Corps Breaks Ground To Repair Cheatham Dam Buildings
by Adam Ghassemi
ASHLAND CITY, Tenn. – It's been more than two years since the devastating May 2010 floods. Now the U.S. Army Corps of Engineers is one step closer to having one of its facilities operational again.
Monday the Corps broke ground on a project that will rebuild two buildings, a Lock Operations Center and the Resource Manager's Office, lost to flood waters near Cheatham Dam.
"In my 20 years I've seen the water rise up four times above its banks. Three times it got to the front porch of the office and stopped. Fourth time was the charm," said Cheatham Lake Resource Manager Larry Nash.
Nash was there when the Cumberland came up so high his crew had to secure what they could before realizing the only way to save nine workers trapped inside the Cheatham Lock was by boat.
Corps leaders say enough destruction has been repaired throughout the region that they can begin redoing their own facilities.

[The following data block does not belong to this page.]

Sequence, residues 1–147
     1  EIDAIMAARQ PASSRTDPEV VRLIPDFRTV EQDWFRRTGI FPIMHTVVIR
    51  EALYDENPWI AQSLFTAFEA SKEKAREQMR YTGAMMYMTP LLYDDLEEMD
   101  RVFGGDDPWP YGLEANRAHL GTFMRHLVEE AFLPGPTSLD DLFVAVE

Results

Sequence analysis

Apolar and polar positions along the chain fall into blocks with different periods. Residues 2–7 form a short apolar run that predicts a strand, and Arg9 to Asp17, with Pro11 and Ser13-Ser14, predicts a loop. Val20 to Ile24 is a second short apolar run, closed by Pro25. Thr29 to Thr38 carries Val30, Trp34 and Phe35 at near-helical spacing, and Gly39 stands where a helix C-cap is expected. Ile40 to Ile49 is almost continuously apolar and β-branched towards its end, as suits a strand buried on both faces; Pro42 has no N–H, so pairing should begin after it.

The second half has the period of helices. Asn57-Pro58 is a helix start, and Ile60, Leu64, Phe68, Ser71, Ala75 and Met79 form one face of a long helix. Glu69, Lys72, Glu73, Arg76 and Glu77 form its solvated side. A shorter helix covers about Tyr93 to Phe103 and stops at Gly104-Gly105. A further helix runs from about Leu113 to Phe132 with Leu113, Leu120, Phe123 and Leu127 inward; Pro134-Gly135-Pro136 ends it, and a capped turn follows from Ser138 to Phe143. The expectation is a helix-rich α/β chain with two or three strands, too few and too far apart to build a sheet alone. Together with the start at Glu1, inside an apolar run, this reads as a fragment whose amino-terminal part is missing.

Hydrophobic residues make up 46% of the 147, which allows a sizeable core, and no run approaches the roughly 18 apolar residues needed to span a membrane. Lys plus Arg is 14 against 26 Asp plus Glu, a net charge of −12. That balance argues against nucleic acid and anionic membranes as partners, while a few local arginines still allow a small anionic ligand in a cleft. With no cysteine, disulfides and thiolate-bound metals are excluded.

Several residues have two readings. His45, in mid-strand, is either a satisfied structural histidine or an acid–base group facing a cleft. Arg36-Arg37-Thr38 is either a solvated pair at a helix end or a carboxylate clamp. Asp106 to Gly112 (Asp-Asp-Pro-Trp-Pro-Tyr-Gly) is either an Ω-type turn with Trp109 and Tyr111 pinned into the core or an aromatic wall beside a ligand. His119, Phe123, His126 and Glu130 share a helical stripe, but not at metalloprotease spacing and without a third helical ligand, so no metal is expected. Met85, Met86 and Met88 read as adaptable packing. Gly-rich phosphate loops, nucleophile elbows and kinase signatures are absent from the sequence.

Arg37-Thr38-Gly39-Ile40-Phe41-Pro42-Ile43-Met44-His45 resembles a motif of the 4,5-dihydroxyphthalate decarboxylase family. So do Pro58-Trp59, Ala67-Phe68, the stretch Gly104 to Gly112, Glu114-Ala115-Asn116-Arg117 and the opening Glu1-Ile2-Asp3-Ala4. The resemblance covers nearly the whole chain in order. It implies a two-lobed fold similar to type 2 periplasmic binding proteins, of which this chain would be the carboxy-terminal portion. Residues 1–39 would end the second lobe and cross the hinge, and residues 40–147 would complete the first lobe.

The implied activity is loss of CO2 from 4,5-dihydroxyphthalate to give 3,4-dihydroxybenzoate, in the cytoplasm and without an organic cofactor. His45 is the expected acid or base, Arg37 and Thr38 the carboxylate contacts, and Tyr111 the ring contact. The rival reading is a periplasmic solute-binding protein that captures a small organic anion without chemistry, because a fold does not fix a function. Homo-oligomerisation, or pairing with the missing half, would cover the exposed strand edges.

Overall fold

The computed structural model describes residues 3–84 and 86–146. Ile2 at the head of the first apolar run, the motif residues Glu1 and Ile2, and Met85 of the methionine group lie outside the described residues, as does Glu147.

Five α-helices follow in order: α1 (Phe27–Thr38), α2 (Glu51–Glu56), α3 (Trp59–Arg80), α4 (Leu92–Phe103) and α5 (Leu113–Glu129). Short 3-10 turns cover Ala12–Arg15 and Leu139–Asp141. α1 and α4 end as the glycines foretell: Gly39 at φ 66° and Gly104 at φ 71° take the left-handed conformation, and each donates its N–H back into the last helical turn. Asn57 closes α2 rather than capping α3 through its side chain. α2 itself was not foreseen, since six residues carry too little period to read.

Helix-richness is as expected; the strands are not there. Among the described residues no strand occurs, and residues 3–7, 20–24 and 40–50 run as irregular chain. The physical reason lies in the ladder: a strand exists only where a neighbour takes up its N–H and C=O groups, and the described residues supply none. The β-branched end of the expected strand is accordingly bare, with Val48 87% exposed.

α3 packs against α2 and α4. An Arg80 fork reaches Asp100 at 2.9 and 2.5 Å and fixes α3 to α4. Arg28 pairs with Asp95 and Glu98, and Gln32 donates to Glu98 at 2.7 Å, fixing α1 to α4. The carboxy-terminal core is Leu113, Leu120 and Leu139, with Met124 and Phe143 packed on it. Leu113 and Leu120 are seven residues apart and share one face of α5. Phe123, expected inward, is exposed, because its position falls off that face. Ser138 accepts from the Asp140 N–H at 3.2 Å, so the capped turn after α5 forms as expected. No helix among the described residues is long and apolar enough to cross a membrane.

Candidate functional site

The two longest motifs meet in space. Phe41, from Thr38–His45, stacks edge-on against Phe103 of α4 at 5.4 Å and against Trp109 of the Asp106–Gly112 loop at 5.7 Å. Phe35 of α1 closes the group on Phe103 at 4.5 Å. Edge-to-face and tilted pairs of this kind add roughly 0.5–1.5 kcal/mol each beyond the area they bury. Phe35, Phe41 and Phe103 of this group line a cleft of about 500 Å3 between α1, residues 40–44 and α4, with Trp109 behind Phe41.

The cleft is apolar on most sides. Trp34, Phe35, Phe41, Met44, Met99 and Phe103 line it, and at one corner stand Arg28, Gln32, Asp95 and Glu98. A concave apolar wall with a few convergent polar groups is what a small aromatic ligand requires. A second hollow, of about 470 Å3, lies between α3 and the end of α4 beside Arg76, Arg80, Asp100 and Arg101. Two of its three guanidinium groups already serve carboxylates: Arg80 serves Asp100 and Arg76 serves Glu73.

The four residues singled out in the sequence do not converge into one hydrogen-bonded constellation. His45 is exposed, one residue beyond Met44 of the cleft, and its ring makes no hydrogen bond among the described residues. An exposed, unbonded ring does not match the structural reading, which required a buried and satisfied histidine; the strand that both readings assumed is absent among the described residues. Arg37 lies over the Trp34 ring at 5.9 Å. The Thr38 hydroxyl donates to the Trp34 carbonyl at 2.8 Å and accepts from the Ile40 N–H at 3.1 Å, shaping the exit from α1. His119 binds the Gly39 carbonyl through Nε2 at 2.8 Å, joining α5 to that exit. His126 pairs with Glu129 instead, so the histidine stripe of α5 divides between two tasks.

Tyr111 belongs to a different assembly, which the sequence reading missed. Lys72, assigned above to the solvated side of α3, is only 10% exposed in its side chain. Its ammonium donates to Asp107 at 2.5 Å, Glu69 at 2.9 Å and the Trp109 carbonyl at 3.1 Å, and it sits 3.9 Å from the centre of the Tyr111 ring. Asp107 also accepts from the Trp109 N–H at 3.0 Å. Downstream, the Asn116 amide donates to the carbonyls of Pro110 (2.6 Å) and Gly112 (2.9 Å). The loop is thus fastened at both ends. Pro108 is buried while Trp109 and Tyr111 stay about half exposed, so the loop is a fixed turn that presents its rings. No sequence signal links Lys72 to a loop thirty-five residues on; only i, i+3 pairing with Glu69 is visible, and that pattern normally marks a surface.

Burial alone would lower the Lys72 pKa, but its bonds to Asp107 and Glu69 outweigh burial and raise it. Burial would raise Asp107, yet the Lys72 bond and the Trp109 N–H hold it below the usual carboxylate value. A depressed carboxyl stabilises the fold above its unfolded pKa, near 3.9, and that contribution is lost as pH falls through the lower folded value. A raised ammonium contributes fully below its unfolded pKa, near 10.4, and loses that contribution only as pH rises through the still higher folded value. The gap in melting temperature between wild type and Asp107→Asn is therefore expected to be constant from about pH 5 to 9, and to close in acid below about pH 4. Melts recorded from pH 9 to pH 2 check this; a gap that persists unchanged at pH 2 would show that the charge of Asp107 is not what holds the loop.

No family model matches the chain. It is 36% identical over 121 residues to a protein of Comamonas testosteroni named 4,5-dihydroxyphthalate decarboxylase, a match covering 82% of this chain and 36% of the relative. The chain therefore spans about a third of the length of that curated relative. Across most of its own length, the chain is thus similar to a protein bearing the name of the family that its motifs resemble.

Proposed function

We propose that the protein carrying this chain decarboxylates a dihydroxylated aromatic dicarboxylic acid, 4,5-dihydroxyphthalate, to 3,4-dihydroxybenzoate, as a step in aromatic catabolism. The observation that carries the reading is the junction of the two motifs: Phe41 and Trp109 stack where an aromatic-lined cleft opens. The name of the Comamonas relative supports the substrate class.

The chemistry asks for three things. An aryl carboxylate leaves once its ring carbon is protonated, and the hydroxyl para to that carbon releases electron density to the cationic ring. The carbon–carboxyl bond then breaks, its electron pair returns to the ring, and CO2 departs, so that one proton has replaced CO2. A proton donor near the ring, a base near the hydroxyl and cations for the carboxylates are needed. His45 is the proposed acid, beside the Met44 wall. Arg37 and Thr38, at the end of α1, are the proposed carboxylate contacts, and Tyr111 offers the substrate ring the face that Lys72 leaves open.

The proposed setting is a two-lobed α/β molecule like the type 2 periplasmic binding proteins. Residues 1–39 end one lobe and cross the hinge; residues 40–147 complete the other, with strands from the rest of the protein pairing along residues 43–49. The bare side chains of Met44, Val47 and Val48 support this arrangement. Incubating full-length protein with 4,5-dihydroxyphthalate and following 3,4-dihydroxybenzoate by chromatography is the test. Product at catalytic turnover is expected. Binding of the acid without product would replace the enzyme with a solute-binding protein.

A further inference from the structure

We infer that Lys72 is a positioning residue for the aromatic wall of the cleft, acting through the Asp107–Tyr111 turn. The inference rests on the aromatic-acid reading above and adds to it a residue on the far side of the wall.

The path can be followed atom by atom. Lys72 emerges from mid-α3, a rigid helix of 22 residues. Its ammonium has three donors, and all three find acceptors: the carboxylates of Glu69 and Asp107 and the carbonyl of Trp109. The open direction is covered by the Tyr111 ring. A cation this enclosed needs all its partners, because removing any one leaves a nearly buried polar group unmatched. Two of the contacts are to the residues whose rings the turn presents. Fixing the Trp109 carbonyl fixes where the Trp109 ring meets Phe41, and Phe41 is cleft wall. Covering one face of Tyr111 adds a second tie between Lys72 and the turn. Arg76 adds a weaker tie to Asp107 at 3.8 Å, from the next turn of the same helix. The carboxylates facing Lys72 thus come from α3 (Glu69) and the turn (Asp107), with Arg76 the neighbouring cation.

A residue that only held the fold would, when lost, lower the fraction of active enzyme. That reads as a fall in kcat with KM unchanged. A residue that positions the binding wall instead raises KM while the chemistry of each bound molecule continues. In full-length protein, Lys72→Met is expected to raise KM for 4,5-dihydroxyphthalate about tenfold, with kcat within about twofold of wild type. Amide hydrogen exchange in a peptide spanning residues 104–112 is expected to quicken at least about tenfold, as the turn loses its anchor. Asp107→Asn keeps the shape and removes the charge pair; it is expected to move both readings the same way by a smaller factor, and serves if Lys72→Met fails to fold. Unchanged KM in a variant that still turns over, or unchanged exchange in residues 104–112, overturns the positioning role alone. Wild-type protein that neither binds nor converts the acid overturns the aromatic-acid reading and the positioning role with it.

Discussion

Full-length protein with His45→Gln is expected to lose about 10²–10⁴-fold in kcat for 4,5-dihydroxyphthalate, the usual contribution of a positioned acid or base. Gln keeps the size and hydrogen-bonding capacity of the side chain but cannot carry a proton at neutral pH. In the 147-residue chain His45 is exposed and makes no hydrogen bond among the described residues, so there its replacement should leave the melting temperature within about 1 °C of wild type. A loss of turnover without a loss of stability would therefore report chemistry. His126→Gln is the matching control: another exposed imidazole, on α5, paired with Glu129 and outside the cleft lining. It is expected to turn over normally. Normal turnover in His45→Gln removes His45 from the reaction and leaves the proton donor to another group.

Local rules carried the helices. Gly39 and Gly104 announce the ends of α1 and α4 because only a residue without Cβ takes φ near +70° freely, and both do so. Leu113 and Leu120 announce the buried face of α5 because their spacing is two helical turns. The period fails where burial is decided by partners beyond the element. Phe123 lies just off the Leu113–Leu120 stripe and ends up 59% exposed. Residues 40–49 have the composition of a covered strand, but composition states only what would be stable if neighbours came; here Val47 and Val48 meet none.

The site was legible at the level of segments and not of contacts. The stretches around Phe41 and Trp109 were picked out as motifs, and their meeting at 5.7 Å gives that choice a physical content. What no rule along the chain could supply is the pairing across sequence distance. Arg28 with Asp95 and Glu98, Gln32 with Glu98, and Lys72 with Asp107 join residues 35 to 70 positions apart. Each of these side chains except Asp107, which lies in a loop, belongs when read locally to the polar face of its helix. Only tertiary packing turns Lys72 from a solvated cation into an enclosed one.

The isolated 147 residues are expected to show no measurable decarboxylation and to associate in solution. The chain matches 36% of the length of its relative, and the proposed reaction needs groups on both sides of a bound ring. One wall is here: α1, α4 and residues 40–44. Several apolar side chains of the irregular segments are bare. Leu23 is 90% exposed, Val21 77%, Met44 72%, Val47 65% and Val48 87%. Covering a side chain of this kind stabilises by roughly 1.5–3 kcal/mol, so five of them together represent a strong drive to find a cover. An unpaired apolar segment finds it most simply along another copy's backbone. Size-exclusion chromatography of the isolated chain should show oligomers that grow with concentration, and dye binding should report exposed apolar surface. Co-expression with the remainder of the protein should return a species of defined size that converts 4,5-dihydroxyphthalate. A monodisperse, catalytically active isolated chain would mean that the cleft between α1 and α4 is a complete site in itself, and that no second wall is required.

Engineers say will be at least story taller and able to handle the next 500 year flood.
"It's going to be pre-cast concrete panels so everything can be moved and then kind of power washed after something floods, water gets in it so there's no mold or anything like that can occur," said Project Manager Megan Kenter.
The buildings will be LEAD Silver certified, meaning they'll draw about 30% less electricity off the dam than before.
The project costs $4-million and is expected to be completed in two years.